President Bush’s recent announcement that he will renominate Alan Greenspan for a fifth term as chairman of the Federal Reserve Board elicited mostly favorable reactions from a wide range of economic and political pundits.

At the critical end of the spectrum, economist James Galbraith, in an op-ed entitled “Greenspan, The man who stayed too long,” called the 78-year-old Greenspan “a man who spent the first [part] of his central-banking career fighting an inflation that did not exist.”  Better targeted is Galbraith’s complaint that Greenspan has excessively turned the growth of the money supply off and on when selective credit controls would have sufficed.

More typical of public reaction is the gushy editorial by George Melloan, “The Money Man Everyone Loves,” which appeared in the Wall Street Journal.  Starting with the stock-market crash of 1987, Melloan credits Greenspan with so skillful a manipulation of the Federal Reserve that “it’s no wonder that Mr. Greenspan is widely regarded as a miracle worker . . . ”

Mr. Greenspan’s appointment by President Reagan in August 1987 followed a parade of chairmen in the 1970’s who had failed to contain inflation and, consequently, presided over stagflation.  Paul Volcker, who served from 1981 to 1987, manfully reduced the runaway inflation that he inherited but could not extinguish the inflationary bias of the U.S. economy while being forced to accommodate sizable federal deficits.

>The experience that Greenspan brought to the job was reasonably appropriate, but it did not include specific money-market-management credentials.  A New York University Ph.D., he had served as a successful private economic consultant and a former chairman of the Council of Economic Advisors.  A free-market monetarist, he was a student of money markets and financial institutions.  As chairman of the Federal Reserve Board, he assumed responsibility for managing the stability of the money supply; for stabilizing economic growth and price levels; for preserving the domestic and international value of the dollar; and for serving as the most senior of the regulators of financial institutions.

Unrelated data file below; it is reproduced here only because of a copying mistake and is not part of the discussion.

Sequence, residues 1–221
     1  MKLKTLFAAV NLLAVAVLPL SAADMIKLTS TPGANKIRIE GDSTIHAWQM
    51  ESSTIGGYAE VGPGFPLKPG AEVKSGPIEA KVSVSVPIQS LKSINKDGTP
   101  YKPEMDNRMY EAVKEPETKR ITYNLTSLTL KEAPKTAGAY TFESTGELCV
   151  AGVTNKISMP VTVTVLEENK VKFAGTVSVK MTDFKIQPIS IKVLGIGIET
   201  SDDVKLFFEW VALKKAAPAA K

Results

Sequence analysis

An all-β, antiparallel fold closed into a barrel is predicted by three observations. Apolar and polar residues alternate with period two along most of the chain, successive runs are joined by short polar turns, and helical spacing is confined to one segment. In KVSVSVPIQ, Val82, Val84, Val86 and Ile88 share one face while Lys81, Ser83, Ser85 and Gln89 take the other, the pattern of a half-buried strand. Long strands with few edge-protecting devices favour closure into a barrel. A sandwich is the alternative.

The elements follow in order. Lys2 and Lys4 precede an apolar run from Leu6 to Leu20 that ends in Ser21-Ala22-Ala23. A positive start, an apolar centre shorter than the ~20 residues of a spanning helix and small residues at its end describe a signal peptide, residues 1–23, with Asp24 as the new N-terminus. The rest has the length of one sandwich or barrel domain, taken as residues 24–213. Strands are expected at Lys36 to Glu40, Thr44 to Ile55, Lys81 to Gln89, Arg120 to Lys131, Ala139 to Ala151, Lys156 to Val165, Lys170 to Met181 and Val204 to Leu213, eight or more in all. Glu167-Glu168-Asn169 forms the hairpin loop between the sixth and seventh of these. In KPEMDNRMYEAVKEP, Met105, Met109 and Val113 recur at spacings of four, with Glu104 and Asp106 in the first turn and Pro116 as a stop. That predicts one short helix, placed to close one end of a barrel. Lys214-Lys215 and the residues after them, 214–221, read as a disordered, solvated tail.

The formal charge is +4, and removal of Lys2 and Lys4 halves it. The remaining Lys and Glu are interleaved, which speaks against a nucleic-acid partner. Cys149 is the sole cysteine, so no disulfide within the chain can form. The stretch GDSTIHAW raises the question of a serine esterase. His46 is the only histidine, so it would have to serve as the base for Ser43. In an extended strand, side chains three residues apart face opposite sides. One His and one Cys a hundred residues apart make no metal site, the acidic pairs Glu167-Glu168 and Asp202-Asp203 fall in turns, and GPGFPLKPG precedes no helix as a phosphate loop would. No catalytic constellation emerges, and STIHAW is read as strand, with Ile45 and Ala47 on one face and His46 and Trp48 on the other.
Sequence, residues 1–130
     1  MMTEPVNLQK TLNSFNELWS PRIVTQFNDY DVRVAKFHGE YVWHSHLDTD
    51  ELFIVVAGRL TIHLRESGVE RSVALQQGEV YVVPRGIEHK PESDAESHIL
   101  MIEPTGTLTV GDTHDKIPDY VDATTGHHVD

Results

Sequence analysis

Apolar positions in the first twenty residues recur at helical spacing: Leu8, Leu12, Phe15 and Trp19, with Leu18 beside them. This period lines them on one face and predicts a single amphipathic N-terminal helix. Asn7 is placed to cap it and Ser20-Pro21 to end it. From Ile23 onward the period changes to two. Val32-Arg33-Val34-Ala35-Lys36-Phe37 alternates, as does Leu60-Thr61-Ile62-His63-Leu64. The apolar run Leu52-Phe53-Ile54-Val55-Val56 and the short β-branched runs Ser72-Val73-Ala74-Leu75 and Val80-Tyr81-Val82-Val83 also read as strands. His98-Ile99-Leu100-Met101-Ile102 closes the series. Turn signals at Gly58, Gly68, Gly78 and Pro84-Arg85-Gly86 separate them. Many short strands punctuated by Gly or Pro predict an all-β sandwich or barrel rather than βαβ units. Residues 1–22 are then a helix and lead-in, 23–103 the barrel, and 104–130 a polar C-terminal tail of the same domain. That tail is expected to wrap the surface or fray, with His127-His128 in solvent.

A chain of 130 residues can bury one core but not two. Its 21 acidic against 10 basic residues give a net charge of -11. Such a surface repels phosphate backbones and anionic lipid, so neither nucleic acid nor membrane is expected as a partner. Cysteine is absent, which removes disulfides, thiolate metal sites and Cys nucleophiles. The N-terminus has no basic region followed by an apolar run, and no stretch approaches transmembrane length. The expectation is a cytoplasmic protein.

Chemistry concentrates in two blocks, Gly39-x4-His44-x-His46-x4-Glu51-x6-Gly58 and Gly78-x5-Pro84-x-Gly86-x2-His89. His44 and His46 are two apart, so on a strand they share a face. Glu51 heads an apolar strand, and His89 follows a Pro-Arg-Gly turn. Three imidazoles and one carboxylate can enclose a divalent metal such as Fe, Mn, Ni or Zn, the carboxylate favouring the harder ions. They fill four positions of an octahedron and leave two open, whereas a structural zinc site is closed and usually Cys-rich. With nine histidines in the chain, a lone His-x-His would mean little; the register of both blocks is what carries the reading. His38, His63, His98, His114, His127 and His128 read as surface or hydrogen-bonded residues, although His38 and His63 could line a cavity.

The economy was sending mixed signals when Greenspan took the helm in 1987.  Capacity utilization and average weekly hours in manufacturing were rising, and the unemployment rate was declining.  On the other hand, inventory-to-sales ratios were declining, as were housing starts.  What Greenspan appeared to focus on, however, was inflation, in the forms of consumer-price increases, stubbornly holding at around four percent; rising producer prices; stock and bond markets that were both overvalued and rising because of speculative demand; and a rapidly growing trade deficit accompanied by a declining dollar.

Greenspan reduced the growth of the money supply, which caused the 1987 stock-market meltdown.  To his credit, stocks were kept afloat by the Fed’s provision of generous liquidity, and the market recovered.  The message, however, was loud and clear: The new monetarist chairman would not accommodate excessive inflation of prices or securities and would defend the value of a dollar at home and abroad.  So far so good.

The Fed then tightened the money supply beyond the initial shock required and continued to restrain M1 (public currency, travelers’ checks, demand deposits) until 1989, with a consequent decline in M2 (M1 plus savings accounts, time deposits under $100,000, and balances in retail money-market mutual funds) through 1992.  The weak sectors of the economy joined with tight money to precipitate the recession of 1990-92.  Inflation was finally suppressed, the decline of the dollar was arrested, and the trade deficit declined because of an upsurge in exports.

It is doubtful that Greenspan intended to be as heavy-handed with the money supply as he was from 1987 to 1989.  He faced the problem of determining the actual size of the federal deficits compared to the budget and how much of the deficit required “sterilization” by the Fed to prevent a resurgence of inflation.  At that time, the rescue of the U.S. banks and thrifts was predicted to add $225 to $275 billion to the federal deficit; the actual gross amount was about $225 billion, $165 billion net of recoveries.  Also, the 1986 Tax Reform Act, supposedly “tax neutral” (no net tax increase), raised $110 billion more in personal and corporate income-tax monies from 1987 to 1989 than if these taxes had remained at the same proportion of GDP as in 1986.  This resulted in lower deficits than expected, requiring less “leaning against the wind” than anticipated and less monetary restraint.  Such is the result of relying on central banking, particularly the restriction of the money supply as a sufficient control.